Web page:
By Guy Williams, Early Career Tech Marketing Recruitment

Is it me, or are a much-higher-than-it-should-be proportion of internships for Marketing?

Most of the updates I see on Linkedin, or on job boards such as Indeed, seem to be for roles to do with content, social media, seo and so on.

These opportunities promise great exposure to tasks not normally seen at the entry level, and in return you’ll find it easier to apply for a bona fide marketing role further down the line. This is  because you’ll have the experience those jobs require – neatly sidestepping the perennial catch-22 of not having the entry-level experience required for an entry-level marketing job. Unless your own Instagram counts. Which often it does. 

It’s odd though, because I would say there are roughly ten main functions below the management level of most white collar organisations, eight of which are listed below in alphabetical order:

  • Administration
  • Finance 
  • HR
  • IT
  • Legal 
  • Marketing
  • Operations
  • Sales

When was the last time you saw an internship for an HR or Finance grad? 

The answer is probably never. 

I would understand if Marketing were easier to get into perhaps, or didn’t have professional qualifications, but if anything it’s the contrary. Marketing has a proper degree course at almost every university in the UK, whereas functions like Finance and HR seem to take grads without the respective Bachelor and let them complete their ACCA, CIPD and so on on the job.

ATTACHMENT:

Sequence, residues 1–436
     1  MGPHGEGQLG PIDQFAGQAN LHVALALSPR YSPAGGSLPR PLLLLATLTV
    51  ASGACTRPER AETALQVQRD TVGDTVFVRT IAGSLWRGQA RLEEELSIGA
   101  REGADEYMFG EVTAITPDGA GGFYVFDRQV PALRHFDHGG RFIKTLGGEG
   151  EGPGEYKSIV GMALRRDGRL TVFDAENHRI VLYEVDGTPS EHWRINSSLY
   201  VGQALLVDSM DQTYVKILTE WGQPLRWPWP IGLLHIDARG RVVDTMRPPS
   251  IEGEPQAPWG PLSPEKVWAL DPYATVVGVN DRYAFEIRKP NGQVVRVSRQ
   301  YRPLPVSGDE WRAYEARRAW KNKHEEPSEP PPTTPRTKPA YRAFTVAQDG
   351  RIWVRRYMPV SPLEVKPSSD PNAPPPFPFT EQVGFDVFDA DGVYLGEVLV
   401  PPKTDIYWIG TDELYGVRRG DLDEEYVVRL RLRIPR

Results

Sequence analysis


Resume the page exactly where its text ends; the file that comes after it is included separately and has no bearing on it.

So if anything it should be the other way round. 

Which brings us to the why. Is it because marketing is deemed as fun? That because it can be enjoyable that companies think that people will do it for less? Or that they still don’t really understand it – that it doesn’t require proper qualifications because they’re not sure of its value or ROI?

One thing I do know is that continuing down this line will severely hamper a company’s diversity and overall performance as only certain demographics can afford not to be paid properly for their first job. Which means you end up with a team of lovely people who all think the same, which is bad for any creative team.

Another good assumption is that those companies which take marketing seriously and invest properly in their early career marketers will be the rising stars of the future if they are not already, as they will have a well-rounded talent pool in their marketing department.

And if that’s you, I’d love to speak to you.

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